Thursday, February 28, 2013

Facilitating Martians

Have you ever been in a situation where you're trying to collaborate with someone and they unexpectedly say or do something that makes absolutely no sense

This kind of dynamic is especially perplexing when the other person is someone you thought you knew pretty well. Perhaps you're in a group together when, out of nowhere, this weird thing happens. It's as if they were beamed into the conversation from Mars and clueless about context, objectives, and/or relationship. A bumper sticker bubbles up in your consciousness: What were they thinking?

As a professional facilitator I encounter this often enough that surprises of this ilk are no longer surprising. While I have not lost my capacity to be amazed at how people can be obstinately blind to how their message—or their delivery—is landing, or deaf to what others are saying, I've seen it too often to not understand it as part of the spectrum of normal human behavior. It goes with the territory.

While there can be all manner of explanations for what appears to you as a Martian invasion, the one thing you can be 100% sure of is that they won't think they're from Mars. They'll have a different story and it won't be that they're a sociopath, the victim of an alien probe, or Job's bane sent to test the faith of gentle-minded communitarians.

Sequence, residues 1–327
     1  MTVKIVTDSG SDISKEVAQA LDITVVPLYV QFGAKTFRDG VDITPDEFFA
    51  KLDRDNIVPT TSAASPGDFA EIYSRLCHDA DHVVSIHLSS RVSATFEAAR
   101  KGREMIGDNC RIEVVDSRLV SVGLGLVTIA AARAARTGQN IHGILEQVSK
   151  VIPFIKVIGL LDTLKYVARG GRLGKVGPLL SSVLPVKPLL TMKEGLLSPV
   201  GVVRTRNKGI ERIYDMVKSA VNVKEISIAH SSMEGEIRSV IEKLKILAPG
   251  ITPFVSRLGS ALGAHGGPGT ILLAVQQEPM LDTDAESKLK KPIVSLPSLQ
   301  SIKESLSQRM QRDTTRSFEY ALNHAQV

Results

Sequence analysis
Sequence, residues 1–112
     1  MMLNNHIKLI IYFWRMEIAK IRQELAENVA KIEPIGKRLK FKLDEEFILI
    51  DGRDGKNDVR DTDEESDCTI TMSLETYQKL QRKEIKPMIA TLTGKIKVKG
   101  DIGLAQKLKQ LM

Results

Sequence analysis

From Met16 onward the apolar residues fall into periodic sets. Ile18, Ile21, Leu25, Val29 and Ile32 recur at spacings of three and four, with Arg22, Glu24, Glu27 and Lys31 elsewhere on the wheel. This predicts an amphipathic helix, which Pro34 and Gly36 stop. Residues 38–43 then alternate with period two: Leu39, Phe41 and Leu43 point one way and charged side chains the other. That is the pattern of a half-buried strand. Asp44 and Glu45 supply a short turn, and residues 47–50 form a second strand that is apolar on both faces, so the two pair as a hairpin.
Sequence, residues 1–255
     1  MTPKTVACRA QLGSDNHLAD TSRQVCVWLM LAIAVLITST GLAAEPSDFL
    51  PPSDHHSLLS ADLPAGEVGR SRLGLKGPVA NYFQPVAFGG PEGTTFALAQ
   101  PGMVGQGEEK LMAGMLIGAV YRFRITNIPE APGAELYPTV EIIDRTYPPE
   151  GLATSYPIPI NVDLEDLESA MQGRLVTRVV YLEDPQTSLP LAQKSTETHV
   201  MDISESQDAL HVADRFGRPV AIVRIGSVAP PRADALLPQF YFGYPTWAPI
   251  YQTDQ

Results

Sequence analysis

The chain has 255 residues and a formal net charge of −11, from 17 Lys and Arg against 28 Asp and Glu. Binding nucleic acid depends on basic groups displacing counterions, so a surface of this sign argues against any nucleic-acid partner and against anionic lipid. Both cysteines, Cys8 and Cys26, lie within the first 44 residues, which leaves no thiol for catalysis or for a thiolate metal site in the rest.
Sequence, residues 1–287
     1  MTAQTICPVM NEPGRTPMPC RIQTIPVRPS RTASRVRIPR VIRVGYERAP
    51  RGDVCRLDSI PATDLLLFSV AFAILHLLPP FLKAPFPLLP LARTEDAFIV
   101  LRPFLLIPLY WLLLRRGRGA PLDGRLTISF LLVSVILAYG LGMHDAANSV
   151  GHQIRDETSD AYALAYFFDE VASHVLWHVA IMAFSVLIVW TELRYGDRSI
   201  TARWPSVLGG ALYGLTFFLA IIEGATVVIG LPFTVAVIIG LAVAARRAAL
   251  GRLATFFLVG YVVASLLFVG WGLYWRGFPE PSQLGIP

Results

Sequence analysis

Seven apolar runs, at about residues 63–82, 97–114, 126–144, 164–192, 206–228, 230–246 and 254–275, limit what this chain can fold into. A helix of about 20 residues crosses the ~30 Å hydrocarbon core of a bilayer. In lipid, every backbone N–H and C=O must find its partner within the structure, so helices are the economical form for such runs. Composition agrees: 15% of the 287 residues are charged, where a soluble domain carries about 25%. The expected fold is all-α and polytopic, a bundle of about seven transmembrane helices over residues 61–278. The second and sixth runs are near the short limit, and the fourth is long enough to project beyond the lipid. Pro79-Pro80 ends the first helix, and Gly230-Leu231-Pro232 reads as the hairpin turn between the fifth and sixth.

Let's stroll down the aisle and see what's on the shelf as possible explanations for the inexplicable:

1. Unusual Perspective
Not everyone sees the world the same way. On the one hand that's a blessing because it gives breadth to the consideration (other views, after all, may be more profound than yours). On the other, it's problematic because you have to understand it, assess its relevance to the situation, and discern how best to balance it with alternate perspectives—all of which take time (that sometimes you'd rather not have to take).

If you're not familiar with how the other person works with information their process may appear unfathomable. But that's not the same as their having no process, or no thoughts germane to the topic at hand. 

Suggestion: Try being curious rather than consternated.

2. Different Assumptions
Even when everyone is agreed that they're on the same team, it doesn't necessarily follow that you're playing the same game or by the same rules. All kinds of mischief can ensue from people working from different premises.

This could be the result of widely divergent prior experiences when faced with analogous conditions, or it could simply be unexamined bedrock for the conversation. When two people have different objectives and that difference has not been illuminated, it can be exhausting. Try running a train on track that's been laid with mixed gauges. 

Suggestion: Back up and check for common ground (a solid foundation) before trying to bridge the differences.   

3. Not Showing Your Work
Sometimes people draw internal conclusions that have not been revealed. While their progression may seem straight forward in their head, it's mysterious to you (and perhaps others as well).